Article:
by Victoria Lister, Brisbane, Australia
Sadly, my experience of many of the workplaces I’ve encountered – as employee, board member and consultant – is that they are often demanding, difficult environments in which deadlines, a lack of resources and the quest for greater efficiencies and more outputs, outcomes and profits are ever-present. Often too they are unhappy places, characterised by high stress, poor health, bullying and grievances, and high rates of absenteeism or ‘unplanned leave’ – and staff turnover.
For example, in the nonprofit sector where I currently work, I regularly meet managers who are terribly ill – to the level of cancer and other critical or pervasive conditions. Many of the staff I’ve worked with or met are also unwell, exhibit signs of depression and are generally not coping with work or life. In nonprofit land, mission rather than profit is all-important (although ensuring financial viability is another, constant pressure). This often means that in many organisations – including ironically, many ‘human service’ organisations – the health of the organisation takes precedent over that of the humans who work there. In these environments, clients are king and occupy top spot in the care and consideration food chain.
Of course, challenging work environments abound and men and women from all sectors are dropping like flies from ill-health and stress. Most organisations’ answer to that is to push those still standing to do more, or to simply re-hire. But one day they’ll run out of people, and only then will they be forced to re-examine the issue.
In the meantime, I feel there are a few things I/we can do right now, as individuals and collectively, that might begin to change the situation.
One is to begin to exercise self-care in the workplace – to start to see ourselves not as tumbleweeds tossed around by the winds of workplace whim, but as discrete, solid beings with self-agency, capable of making our own loving choices at work. These can be as simple as going to the bathroom when needed, making time to stop for lunch, closing our eyes for a few minutes at (or under!) our desks… Choices that honour us, in our bodies, at work.
Another is to consider the power of femaleness – that deeply soulful, still, nurturing space that exists equally within women and men both. On the personal level, I have set an intention to start building my ‘womanly work body’ by committing to trusting my femaleness – my innate stillness and loveliness – and bringing these qualities with me to work. And when I really sit with this, my sense is it is the quality of femaleness in particular that has the potential to be the true ‘change agent’ we are looking for.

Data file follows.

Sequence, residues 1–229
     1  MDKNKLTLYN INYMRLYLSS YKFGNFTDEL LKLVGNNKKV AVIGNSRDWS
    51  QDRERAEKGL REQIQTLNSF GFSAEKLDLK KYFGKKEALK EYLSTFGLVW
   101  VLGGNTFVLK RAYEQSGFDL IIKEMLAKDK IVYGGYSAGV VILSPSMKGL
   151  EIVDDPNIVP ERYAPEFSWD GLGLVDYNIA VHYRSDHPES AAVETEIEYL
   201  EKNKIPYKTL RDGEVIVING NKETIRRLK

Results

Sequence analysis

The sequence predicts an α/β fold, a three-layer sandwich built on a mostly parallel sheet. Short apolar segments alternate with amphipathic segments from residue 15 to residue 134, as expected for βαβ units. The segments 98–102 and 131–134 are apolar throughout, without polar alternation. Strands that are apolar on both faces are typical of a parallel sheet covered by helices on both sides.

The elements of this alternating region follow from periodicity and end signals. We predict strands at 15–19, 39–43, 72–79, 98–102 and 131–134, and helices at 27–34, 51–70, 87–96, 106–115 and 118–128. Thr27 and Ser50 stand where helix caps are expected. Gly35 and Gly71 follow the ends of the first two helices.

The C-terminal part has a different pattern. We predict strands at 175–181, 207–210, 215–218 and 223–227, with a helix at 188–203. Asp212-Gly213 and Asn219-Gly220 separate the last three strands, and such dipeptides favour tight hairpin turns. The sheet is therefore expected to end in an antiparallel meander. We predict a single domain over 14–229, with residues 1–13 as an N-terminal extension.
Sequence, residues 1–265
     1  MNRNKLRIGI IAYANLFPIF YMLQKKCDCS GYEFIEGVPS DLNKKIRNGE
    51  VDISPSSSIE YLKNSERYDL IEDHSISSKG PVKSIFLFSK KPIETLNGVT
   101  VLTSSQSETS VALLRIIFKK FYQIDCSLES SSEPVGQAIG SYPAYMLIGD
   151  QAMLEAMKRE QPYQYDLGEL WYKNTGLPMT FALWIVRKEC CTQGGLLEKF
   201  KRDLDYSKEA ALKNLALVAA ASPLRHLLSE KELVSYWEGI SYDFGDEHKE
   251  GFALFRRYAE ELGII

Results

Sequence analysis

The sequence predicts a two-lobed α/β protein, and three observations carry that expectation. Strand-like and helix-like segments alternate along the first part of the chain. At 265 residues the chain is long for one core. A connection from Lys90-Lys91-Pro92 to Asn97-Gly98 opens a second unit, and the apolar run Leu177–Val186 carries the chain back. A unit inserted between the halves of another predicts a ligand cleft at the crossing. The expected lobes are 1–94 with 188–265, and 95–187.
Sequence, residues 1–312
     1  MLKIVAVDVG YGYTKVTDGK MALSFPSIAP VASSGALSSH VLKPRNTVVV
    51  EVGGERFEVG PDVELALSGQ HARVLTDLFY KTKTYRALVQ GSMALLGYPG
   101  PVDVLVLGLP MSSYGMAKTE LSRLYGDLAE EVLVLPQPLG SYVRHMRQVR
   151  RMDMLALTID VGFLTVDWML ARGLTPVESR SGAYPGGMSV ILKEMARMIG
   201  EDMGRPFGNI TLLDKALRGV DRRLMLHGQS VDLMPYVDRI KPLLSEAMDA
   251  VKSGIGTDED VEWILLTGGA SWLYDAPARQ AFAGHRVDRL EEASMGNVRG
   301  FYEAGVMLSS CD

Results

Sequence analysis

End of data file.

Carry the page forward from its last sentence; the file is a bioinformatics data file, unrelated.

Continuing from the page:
How? Imagine a workplace peopled by men and women who embody a sense of stillness, a connection to self that precedes all activity – who are so connected with and honouring of themselves that self-care is not only automatic, it has a quality that can be seen and felt, offering an inspiring example to others… A workplace with men and women whose choices at work – from the food they eat to support themselves, to their ability to say ‘no’ when something doesn’t feel right – are noticed by their managers and peers; whose very ways of being challenge ‘the way things are done around here’, in the gentlest ways possible. I envisage this effect as a gorgeous, warm river, slowly but surely softening the hardest of rocks.
If this river were allowed to flow, perhaps one day we would see businesses and organisations founded and run on a philosophy of people before profit – or in the case of nonprofits, people before purpose – those people not being the customer or the client in the first instance, but the people who actually work in the organisation – that often ‘faceless’ group of people called ‘staff’ or ‘human resources’ – all of whom are our sisters, brothers, fathers, flatmates, friends… people like you and me who deserve to attend their workplace not with sadness, but with joy.
How different would work then be, and how different the quality of the work received by the client or customer? With a loving, people-first approach at work inside every organisation, I suspect profit and purpose would naturally take care of themselves.
Further Related Reading:
Women & High-Profile Roles: Why do they say No?